The new Master Calendar of Jaeger-LeCoultre is distinguished by the virtues and indeed the very face of astronomy. Endowed with all the attributes that have forged the success of this line, it is also imbued with a seductive appeal exercising its own laws of gravity, thanks to the choice of meteorite stone to compose its dial. Whether it comes to fragments from asteroids or of even more impalpable origins in the comets wandering through the solar system, meteorites lend themselves to all manner of inner fantasies. Their ages, estimated at millions or hundreds of millions of years, defy our imagination. Their rarity is equally fascinating, since very few of them actually manage to reach the surface of the earth. Known as “shooting stars” when they light up summer nights, or “bolides” when they are large or bright enough to be seen by day, meteorites leave a characteristic luminous trail when entering the atmosphere. Once they have landed on or been buried several centimetres into the earth, meteorites often remain unnoticed, if not by the experienced eyes of those who make a profession of gathering them. Meteorite hunters distinguish between those they have actually seen falling and those that are lucky finds. Connoisseurs have long considered Antarctica as a sort of Eldorado, since the ice cap fosters a concentration of these stones that rise to the surface when blue ice is eroded by katabatic (down-slope) winds.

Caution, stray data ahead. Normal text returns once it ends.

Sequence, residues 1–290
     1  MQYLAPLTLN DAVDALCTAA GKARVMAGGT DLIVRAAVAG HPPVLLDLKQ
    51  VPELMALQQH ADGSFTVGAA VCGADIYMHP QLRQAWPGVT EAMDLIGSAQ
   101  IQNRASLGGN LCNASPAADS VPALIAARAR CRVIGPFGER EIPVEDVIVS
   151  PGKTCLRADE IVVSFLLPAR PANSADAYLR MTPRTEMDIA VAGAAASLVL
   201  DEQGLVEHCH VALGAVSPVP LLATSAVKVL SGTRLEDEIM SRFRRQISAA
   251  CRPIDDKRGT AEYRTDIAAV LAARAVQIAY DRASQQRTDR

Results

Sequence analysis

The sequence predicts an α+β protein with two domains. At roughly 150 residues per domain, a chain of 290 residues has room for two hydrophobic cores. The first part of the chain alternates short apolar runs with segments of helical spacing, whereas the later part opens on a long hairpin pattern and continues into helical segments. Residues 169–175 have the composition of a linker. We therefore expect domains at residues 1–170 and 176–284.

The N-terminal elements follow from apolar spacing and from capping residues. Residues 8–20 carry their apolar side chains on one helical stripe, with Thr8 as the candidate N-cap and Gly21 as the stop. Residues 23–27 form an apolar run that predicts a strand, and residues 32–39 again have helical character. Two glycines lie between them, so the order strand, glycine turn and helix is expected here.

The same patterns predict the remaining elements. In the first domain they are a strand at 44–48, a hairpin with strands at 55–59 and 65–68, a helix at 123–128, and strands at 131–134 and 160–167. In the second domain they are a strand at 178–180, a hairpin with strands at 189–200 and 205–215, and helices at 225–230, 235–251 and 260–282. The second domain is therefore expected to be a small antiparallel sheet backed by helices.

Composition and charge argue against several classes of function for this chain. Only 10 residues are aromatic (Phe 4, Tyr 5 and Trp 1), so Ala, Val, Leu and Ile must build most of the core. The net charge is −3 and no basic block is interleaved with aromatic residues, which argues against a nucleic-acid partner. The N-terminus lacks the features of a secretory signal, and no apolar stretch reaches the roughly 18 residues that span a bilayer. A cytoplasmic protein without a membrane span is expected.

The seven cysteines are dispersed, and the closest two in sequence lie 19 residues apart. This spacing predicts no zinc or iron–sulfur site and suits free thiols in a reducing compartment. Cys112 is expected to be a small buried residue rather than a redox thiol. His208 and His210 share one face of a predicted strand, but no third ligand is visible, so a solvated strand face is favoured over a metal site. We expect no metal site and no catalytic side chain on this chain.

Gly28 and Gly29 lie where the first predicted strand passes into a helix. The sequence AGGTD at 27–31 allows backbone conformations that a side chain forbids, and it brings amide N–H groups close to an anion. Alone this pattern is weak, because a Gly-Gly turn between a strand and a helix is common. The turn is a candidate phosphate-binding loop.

This continent is however now the exclusive preserve of scientific meteorite hunters and any commercial exploitation is prohibited. Revealing the beauty of a celestial fragment On this new watch, the strange and fascinating meteorite stone used for the dial shakes up the traditionally pure, understated aesthetic of the Master Calendar. Composed of a single block of meteorite discovered and officially registered in Sweden, it comes from the asteroid belt between Mars and Jupiter. However, its iron content makes this material difficult to work with. To get an aesthetically perfect dial, this block of meteorite is cut into several thin plates in a process involving countless precautions, until the exact plate corresponding to the demands imposed by Jaeger-LeCoultre is achieved. Still in its rough state at this stage, the meteorite must undergo several preparatory phases before revealing the structure of its stone that features a unique pattern shown by each cut. At the end of a lengthy and delicate procedure, it can at last express the beauty that it has stored up across several million years. The experience is unutterably moving, as if a part of the universe were converging towards the stone dial, at last within reach.